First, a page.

At Sembele’s marriage: scarlets and velvets. Silks, satins and linens. Pearl-decked pillows, alabaster jars of spices and perfumes sent by princes from distant lands. After a marriage feast of seven days, Sembele set sail for her husband’s kingdom, her sisters, and her royal parents accompanying her, there to fulfill another seven days of feasting.

The waves roiling, the stars in their height dancing, Jaejoong and Iyoke both being cast off, Prince Jaejoong found Iyoke at the prow of the ship. “Still weeping?” he asked. How joyous and bright of eye he was! “Your tears will overwhelm the sea. Let your sister have Hans’ love.” He indicated the rolling waves all about. “So strong is Love, as strong as death. Such love your sister has for Hans --I have no doubt it would uphold us if we chose to dance upon the seas.”

Iyoke turned her tear-stained face to his. She smiled but said nothing.

“I will tell you a secret.” The Crown Prince laughed then leaned low to whisper in her ear. “The people of Hans’ country are a proud people. Passionless, and indifferent. Haughty above all other peoples. Believing they have all good things, they are content, desirous of nothing.. Among such arrogant and cold people, how could such a one as you live? But there, Sembele will thrive. Like a vine transplanted to its true and native soil.”

The wind blew his long black hair wildly across his face, but Iyoke glanced at the roiling sea, silent.

“Something more,” he continued. “I loved a servant girl in my father’s palace. One whose kind heart was as lovely as yours. For this crime, the king sent me to live in Hans’ country, that I might forget my love for a common girl. He hastened to betrothed me to your sister, Sembele, a princess I would have gladly loved for her portrait soon adorned my chambers. I wrote her, but she answered me not one word. From shyness or pride, I did not know.”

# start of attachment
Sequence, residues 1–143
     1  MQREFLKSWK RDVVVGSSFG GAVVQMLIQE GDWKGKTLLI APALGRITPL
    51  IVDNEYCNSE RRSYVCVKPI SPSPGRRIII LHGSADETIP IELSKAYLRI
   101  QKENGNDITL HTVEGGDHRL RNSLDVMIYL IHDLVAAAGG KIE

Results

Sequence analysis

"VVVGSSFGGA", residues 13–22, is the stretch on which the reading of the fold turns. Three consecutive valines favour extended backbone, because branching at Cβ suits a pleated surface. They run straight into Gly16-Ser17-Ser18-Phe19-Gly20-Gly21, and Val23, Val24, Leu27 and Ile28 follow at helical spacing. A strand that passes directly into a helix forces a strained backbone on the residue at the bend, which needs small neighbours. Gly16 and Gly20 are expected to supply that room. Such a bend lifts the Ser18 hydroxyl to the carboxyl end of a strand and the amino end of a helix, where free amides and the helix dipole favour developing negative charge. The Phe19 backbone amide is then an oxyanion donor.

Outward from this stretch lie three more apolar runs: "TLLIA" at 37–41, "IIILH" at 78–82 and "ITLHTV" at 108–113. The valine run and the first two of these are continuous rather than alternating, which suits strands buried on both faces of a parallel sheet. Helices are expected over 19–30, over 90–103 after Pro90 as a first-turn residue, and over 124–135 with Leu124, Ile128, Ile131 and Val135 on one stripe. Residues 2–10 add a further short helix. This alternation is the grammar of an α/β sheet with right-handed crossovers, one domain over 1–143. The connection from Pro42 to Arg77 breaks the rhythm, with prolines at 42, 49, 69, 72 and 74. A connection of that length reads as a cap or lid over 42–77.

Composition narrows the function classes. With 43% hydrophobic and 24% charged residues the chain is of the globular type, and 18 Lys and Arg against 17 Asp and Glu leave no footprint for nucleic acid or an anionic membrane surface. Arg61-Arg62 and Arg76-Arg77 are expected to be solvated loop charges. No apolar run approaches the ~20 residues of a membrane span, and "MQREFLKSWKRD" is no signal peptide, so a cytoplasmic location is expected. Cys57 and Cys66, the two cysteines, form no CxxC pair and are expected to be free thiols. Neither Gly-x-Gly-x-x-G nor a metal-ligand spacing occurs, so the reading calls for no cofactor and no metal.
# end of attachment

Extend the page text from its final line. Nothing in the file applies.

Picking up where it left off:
“Sembele finds letters tedious,” Iyoke said, and turned her face from the sea to the smiling prince then toward the festive wedding songs. “She believes that words and eyes must meet at the same time.”

“Ah!” The prince grinned, then winked. “Perhaps she should have said so. My heart would not have hurt as much as it did. It would not have waited in vain, or I would’ve fought the winter winds and the tides of the Cape, arriving in haste at her side.”

“Indeed,” Iyoke said, “much would have been different if you had hastened.”

“Perhaps. And yet, even so, I found joy at that time of desolation.”

Iyoke looked into his eyes and wrinkled her brow. “Did you?” she asked, sadly.

“The couriers brought letters to Hans from you. That good prince is a man of action not of words. I feared you would be as hurt as I was, a voice sent on the wind searching for a response. Therefore I asked Hans to give me permission to answer your letters.”

“And what did I write of?” she asked him.

“Of hearts, of beauty, of stones, and twigs. You wrote of whatever took your fancy. Without pretense, without guile. So lacking in purposeful charm, they were charm in perfect essence.”

Iyoke broke into tears, joy and sorrow intermixed. She looked back toward the cabin of the ship where Hans danced with his new bride. “So, it was you I loved?” she asked Jaejoong.

“And I who loved you,” he answered. “Iyoke, we two cast-off ones have each other. Do we not already know each other’s hearts?”

So, to the surprise and joy of all, Jaejoong Crown Prince of the far eastern lands -- a kingdom quite large, and greatly feared-- married Queen Mizaka’s ugly changeling daughter.

To read more, pick up your copy of Griots: A Sword and Soul Anthology today!